Sigma-Aldrich's newly released ProteoPrep 20 Plasma Immunodepletion Kit depletes the 20 most abundant proteins in plasma with good specificity, and allows for the detection of more low-abundance proteins, according to a beta tester of the kit.
David Speicher, the director of the Wistar Institute's Proteomics Laboratory, who analyzed the bound and unbound fractions of plasma following ProteoPrep 20 depletion, said that only a small portion of proteins that are not targeted by the depletion kit end up in the bound fraction of plasma.
"There are a few non-targeted proteins that stick [to the 20 proteins]. Most are not sticking exclusively [to the bound fraction]. A few are sticking exclusively," said Speicher, who has been beta testing Sigma's product since last fall.
Before he gained access to Sigma's ProteoPrep 20 kit the first immunoaffinity kit to deplete so many abundant plasma proteins Speicher was using a column from Agilent that depletes the top six most abundant proteins in plasma.
Speicher's research team depleted the top six proteins as part of a four-dimensional fractionation technique that allows for the identification of proteins that differ in concentration by a range of nine orders of magnitude: The highest concentration proteins are present in milligram/milliliter ranges, while the lowest concentration proteins are present in picogram/ml ranges (see ProteoMonitor 4/8/2005).
"My feeling is that if you need to isolate and purify too many proteins, that [the product] is probably going to reach a point of diminishing returns."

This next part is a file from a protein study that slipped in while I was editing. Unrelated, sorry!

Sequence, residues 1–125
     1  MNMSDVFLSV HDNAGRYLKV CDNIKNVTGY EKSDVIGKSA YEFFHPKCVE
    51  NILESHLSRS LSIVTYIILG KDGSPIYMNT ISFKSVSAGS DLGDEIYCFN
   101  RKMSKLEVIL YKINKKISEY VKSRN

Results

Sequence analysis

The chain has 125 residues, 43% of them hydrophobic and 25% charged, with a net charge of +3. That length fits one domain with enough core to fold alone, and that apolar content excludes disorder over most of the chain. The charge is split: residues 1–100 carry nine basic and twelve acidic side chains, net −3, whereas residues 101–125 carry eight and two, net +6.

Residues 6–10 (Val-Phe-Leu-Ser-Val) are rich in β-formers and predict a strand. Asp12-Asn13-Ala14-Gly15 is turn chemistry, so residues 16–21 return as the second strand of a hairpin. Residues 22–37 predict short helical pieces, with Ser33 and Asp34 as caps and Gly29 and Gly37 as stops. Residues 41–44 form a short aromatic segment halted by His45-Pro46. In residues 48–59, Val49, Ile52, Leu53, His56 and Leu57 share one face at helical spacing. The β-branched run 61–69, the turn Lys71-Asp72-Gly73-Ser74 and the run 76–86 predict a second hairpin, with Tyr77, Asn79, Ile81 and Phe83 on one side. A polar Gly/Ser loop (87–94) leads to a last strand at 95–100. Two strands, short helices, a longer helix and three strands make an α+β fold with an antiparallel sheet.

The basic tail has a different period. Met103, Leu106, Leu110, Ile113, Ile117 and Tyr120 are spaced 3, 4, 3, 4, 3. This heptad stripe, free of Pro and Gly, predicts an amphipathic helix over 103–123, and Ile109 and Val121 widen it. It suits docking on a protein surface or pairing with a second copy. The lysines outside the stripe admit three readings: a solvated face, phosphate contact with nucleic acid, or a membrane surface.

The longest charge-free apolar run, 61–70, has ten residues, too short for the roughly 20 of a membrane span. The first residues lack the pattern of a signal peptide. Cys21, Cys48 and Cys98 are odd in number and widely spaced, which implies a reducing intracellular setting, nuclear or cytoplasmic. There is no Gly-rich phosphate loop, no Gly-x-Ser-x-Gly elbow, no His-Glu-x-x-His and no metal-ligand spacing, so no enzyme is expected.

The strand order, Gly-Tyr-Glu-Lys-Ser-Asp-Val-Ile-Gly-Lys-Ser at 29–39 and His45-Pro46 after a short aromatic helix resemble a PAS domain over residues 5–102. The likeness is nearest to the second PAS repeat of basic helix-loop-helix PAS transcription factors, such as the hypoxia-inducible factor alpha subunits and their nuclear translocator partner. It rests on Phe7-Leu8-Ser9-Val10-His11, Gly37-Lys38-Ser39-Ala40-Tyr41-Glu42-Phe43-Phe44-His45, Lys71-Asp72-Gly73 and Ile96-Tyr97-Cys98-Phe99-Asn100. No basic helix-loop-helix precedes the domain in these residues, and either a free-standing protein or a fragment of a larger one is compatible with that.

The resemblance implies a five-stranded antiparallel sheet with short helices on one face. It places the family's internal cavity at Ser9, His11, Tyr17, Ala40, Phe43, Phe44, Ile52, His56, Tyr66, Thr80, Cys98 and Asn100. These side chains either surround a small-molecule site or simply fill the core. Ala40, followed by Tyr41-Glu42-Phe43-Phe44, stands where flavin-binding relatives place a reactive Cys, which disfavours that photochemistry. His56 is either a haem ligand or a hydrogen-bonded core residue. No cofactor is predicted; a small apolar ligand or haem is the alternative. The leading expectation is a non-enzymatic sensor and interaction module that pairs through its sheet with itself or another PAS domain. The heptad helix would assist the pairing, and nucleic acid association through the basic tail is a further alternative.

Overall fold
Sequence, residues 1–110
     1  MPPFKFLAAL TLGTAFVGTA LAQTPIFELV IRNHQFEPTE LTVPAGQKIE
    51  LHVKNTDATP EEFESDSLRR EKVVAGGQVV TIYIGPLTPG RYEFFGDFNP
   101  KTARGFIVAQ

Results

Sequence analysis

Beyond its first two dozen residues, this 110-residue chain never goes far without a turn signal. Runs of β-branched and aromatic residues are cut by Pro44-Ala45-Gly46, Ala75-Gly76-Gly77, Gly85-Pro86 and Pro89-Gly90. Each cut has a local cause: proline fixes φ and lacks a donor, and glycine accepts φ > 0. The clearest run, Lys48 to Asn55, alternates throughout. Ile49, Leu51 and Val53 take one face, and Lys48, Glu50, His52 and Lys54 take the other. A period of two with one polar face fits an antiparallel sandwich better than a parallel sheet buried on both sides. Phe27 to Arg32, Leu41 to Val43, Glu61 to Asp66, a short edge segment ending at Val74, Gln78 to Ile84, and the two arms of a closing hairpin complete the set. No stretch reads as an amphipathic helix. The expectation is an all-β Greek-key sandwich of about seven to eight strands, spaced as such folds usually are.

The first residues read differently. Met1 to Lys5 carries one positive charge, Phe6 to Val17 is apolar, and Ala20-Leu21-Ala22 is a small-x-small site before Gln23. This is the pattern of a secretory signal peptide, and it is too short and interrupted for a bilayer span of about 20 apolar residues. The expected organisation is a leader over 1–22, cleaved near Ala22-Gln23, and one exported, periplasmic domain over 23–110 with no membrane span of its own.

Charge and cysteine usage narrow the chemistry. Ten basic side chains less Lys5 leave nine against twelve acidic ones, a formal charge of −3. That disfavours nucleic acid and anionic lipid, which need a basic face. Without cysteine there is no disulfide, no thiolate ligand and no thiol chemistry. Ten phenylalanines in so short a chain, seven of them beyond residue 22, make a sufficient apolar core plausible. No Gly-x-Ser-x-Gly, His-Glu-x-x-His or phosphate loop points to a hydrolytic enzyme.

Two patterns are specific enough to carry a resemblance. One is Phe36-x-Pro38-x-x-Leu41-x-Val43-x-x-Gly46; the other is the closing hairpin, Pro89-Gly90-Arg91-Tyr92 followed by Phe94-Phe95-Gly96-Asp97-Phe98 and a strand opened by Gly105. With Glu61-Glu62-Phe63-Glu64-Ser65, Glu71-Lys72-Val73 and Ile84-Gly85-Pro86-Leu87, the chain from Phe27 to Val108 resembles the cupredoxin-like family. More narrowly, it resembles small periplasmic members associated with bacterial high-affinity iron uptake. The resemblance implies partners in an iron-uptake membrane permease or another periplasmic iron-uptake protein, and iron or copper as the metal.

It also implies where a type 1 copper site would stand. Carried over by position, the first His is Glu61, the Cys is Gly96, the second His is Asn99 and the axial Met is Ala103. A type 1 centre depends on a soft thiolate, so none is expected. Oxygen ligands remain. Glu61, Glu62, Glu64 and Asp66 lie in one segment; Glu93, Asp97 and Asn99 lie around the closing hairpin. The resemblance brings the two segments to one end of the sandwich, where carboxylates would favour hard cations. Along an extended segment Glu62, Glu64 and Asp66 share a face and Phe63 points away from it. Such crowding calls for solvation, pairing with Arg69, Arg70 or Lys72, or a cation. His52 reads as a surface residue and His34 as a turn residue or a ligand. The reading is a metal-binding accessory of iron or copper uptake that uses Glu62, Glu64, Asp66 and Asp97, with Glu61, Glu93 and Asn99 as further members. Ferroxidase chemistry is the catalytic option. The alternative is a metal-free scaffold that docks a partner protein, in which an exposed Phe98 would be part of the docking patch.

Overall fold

Using his 4D-fractionation method, Speicher was able to identify about 2,000 proteins in human plasma samples sent out as part of the pilot phase of the Human Proteome Organization's Plasma Proteome Project. Speicher said that he expected to be able to increase to 6,000 the number of proteins identified in those samples by using the ProteoPrep 20 kit, combined with other enhancements to his 4D fractionation system.
"I expect that the top-20 column is going to give us pretty robust coverage at the low ng/ml level, and to expand the pg/ml level," said Speicher.
Speicher said he doesn't think that there are disadvantages to depleting more of the most abundant proteins.
"Obviously, the top 20, and 98 percent of total protein removed, is much better than the top six proteins removed," said Speicher. "In general, I would argue that more is always better."
Depleting the most abundant proteins upfront allows for more protein to be loaded downstream into gels or HPLC columns, Speicher said. By depleting the top 20 most abundant proteins as opposed to the top six, the volume of original plasma that can be analyzed downstream is increased by roughly an order of magnitude, he added.
"If you deplete 85 percent of proteins using a top-six column, you can load 10 to 20 times more protein downstream," said Speicher. "If 97 to 98 percent of proteins are depleted using a top-20 column, you can load 100 to 200 times more protein downstream."
The one disadvantage to depleting more of the most abundant plasma proteins is cost, Speicher said.